Cookies on this website

We use cookies to ensure that we give you the best experience on our website. If you click 'Accept all cookies' we'll assume that you are happy to receive all cookies and you won't see this message again. If you click 'Reject all non-essential cookies' only necessary cookies providing core functionality such as security, network management, and accessibility will be enabled. Click 'Find out more' for information on how to change your cookie settings.

STUDY OBJECTIVE: Sleep slow-wave activity (SWA, EEG power between 0.5 and 4.0 Hz) decreases homeostatically in the course of non-rapid eye movement sleep (NREM) sleep. According to a recent hypothesis, the homeostatic decrease of sleep SWA is due to a progressive decrease in the strength of corticocortical connections. This hypothesis was evaluated in a large-scale thalamocortical model, which showed that a decrease in synaptic strength, implemented through a reduction of postsynaptic currents, resulted in lower sleep SWA in simulated local field potentials (LFP). The decrease in SWA was associated with a decreased proportion of high-amplitude slow waves, a decreased slope of the slow waves, and an increase in the number of multipeak waves. Here we tested the model predictions by obtaining LFP recordings from the rat cerebral cortex and comparing conditions of high homeostatic sleep pressure (early sleep) and low homeostatic sleep pressure (late sleep). DESIGN: Intracortical LFP recordings during baseline sleep and after 6 hours of sleep deprivation. SETTING: Basic sleep research laboratory. PATIENTS OR PARTICIPANTS: WKY adult male rats. INTERVENTIONS: N/A. MEASUREMENTS AND RESULTS: Early sleep (sleep at the beginning of the major sleep phase, sleep immediately after sleep deprivation) was associated with (1) high SWA, (2) many large slow waves, (3) steep slope of slow waves, and (4) rare occurrence of multipeak waves. By contrast, late sleep (sleep at the end of the major sleep phase, sleep several hours after the end of sleep deprivation) was associated with (1) low SWA, (2) few high-amplitude slow waves, (3) reduced slope of slow waves, and (4) more frequent multipeak waves. CONCLUSION: In rats, changes in sleep SWA are associated with changes in the amplitude and slope of slow waves, and in the number of multi-peak waves. Such changes in slow-wave parameters are compatible with the hypothesis that average synaptic strength decreases in the course of sleep.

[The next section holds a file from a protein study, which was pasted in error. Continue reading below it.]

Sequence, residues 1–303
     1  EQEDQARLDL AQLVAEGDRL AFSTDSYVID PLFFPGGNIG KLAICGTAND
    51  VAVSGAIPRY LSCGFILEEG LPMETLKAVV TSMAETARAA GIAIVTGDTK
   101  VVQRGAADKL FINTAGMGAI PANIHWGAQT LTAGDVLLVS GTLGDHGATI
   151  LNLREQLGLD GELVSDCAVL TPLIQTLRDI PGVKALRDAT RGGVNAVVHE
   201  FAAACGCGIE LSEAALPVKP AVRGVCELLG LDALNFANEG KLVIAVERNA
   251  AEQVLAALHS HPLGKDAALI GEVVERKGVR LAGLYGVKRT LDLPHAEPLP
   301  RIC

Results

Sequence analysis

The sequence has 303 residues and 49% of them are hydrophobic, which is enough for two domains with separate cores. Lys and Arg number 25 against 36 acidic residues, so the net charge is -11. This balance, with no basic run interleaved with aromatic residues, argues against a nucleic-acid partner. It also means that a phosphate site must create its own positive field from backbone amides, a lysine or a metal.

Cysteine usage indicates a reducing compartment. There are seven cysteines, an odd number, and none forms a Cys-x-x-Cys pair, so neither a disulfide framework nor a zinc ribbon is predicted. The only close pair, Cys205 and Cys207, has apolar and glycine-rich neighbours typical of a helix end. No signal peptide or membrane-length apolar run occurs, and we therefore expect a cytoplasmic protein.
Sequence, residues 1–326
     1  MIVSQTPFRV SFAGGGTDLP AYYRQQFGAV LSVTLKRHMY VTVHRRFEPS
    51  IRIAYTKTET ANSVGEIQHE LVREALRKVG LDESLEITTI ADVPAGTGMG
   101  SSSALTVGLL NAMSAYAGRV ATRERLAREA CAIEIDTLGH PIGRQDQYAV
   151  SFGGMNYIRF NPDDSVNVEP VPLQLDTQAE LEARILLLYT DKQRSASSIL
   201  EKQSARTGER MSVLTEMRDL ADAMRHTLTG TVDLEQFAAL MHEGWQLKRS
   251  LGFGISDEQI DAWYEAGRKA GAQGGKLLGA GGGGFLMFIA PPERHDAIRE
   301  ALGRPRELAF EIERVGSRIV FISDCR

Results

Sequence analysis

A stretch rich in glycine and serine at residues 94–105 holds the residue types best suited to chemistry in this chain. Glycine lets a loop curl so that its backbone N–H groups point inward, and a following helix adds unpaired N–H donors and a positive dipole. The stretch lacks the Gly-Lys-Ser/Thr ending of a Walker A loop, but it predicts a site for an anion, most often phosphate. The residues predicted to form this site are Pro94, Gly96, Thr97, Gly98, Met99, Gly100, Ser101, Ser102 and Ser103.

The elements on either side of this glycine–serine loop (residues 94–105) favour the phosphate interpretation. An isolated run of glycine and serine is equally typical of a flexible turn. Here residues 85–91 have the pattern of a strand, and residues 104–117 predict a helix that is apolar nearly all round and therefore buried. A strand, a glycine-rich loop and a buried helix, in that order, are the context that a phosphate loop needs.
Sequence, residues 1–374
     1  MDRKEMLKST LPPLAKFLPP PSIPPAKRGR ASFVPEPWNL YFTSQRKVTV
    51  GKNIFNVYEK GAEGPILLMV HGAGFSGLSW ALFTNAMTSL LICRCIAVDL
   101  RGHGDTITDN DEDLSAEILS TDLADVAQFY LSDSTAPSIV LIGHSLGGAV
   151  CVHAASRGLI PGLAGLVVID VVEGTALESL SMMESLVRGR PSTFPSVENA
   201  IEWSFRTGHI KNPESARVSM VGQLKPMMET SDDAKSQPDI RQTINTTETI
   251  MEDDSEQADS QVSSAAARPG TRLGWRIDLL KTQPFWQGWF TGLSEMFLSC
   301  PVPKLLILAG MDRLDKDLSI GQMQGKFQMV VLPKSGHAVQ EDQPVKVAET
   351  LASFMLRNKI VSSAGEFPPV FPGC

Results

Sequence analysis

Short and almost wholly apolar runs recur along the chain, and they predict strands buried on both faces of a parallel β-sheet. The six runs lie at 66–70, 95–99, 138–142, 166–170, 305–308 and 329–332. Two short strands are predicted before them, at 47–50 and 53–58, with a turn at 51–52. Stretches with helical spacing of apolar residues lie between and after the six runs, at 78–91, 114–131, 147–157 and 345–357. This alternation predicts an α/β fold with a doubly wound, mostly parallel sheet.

Original publication




Journal article



Publication Date





1631 - 1642


Animals, Cerebral Cortex, Circadian Rhythm, Computer Simulation, Cortical Synchronization, Electroencephalography, Evoked Potentials, Fourier Analysis, Homeostasis, Male, Nerve Net, Rats, Rats, Inbred WKY, Sleep, Sleep Deprivation, Thalamus